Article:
15 Essential Polish Songs You Must Know!

more than a year ago
From rousing patriotic mazurkas to subtle anti-communist pop music all the way to 21st-century gangsta rap po polsku, there are plenty of great tunes to choose from the history of Polish music. Whether you've just started learning Polish, plan on visiting or staying long term in Poland, dipping your toe into this ocean music is a great way to get a better understanding of the nation's history, culture and sense of humour! Chances are if you're reading this, Polish isn't your first language and you've used Google Translate at least once in your life. For this reason, we've translated a few lines for you here and there to give a reasonably non-robotic understanding of the Polish lyrics. 
Crowdsurfing wheelchair guy at 2012's Woodstock Poland (now Pol'and'Rock Festival) in Kostrzyn nad Odrą. Photo by Jakkolwiek

Brathanki - Czerwony Korale

Folk music in Poland differs from region to region, but it's in the Góral mountain region of southern Poland where you will find the unique sound of heavily-embellished man-choirs and accompanying violin. It's this black-hatted festivity that inspired the 2000 hit single Czerwony Korale (ENG: Red Beads) from the appropriately-named folk music group Brathanki (ENG: Brothers). The verses are from the perspective of a woman who is swept off her feet by a dancing mountain cassanova and is then jilted for some woman named Kryśka! The chorus, sung by the male choir, describes the red bead-necklace that she wears as she weeps for being danced about! Musically, it is rather different from your standard Polka vibes and sounds rather Balkan throughout. At your local pub or nightclub, you are bound to hear this thrown in as a novelty amongst wall-to-wall disco polo classics.
Czerwone korale
Czerwone niczym wino
Korale z polnej jarzębiny
I łzy dziewczyny
I wielkie łzy
Red beads
Red like wine
Beads from a field of Rowan trees
And a girl's tears
And big tears

Mela Koteluk - Melodia Ulotna

Mela Koteluk began her career as a back-up singer for German hard rockers Scorpions, before deciding to strike out on her own in the early 2000s. However, it would take until 2012 for her to get a full studio album together, Spadochron, which would debut at number 1 on the Polish charts. The song Melodia Ulotna (ENG: Flying Melody) is a driving indie-folk ballad about a person's loneliness and the pursuit of intimacy with strangers. Although Koteluk sings exclusively in Polish, her voice and the accompanying music has transcended international borders and has garnered her a fanbase worldwide.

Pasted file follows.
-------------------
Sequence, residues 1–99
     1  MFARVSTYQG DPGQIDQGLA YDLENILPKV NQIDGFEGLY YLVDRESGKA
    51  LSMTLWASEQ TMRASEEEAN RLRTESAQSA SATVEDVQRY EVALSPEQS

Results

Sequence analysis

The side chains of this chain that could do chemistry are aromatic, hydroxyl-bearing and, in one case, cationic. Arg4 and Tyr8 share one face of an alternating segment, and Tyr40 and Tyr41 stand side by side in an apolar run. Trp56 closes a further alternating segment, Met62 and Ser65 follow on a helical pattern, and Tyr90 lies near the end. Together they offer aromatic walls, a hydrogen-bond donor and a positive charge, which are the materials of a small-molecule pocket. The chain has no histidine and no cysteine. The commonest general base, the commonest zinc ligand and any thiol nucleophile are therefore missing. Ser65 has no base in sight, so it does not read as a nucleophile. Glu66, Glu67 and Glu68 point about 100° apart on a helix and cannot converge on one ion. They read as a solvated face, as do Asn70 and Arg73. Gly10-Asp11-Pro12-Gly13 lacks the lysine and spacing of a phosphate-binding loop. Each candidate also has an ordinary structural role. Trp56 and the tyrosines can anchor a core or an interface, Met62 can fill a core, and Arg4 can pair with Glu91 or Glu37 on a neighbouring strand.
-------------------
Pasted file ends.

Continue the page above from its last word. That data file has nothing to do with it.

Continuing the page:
Ulatuje myśl, melodia
Liście z drzew na ziemi śpią
Uratuję dziś melodię
Wezmę jedną z nich ze sobą spać
A thought flies, a melody
The leaves from the trees on the ground are asleep
I will save the melody today
I'll take one of them to sleep with me


Mieczysław Fogg - To Ostatnia Niedziela

No Polish song list would be complete without a tune from the rather eccentric-sounding Mieczysław Fogg. This inter-war Sinatra-Aznavour-esque golden boy is best remembered by this rousing tango, the Argentinian dance/music style that was hugely popular in Poland at the time - something of an anomaly! 'This is the Last Sunday' is a tale of heartache told by a man knowing that his time with his lover is coming to an end, and he yearns for one final moment together before it's all over. There's a certain amount of ambiguity in this song. Is there someone else she has left him for? Was their time together never to last? Maybe neither of them want to go? So brooding are the lyrical themes of this song, that it was known for a long time as the Suicide Tango.
To ostatnia niedziela
Dzisiaj się rozstaniemy,
Dzisiaj się rozejdziemy
Na wieczny czas...
This is the Last Sunday
Today, we will part
Today, we will split
For an eternity...

Marek Grechuta - Dni Których Nie Znamy

Marek Grechuta is considered to be the Polish version of Bob Dylan, though this guy could actually sing! The comparisons are mainly drawn upon from the fact that Grechuta was an incredible lyricist. In this, his best-known track, he takes an introspective look at the small and often-forgettable moments in our lives are more important and more profound than major life events. If you don't catch his lyrics, you can't deny that irresistible string-line response in the chorus!
ze wazna sa tylko te dni, ktorych jeszcze nie znamy
Waznych jest kilka tych chwil, tych na ktore czekamy
Important are the days that we do not notice
There are less-important moments that we still wait on


Bemibek - Podaruj Mi Troche Slonce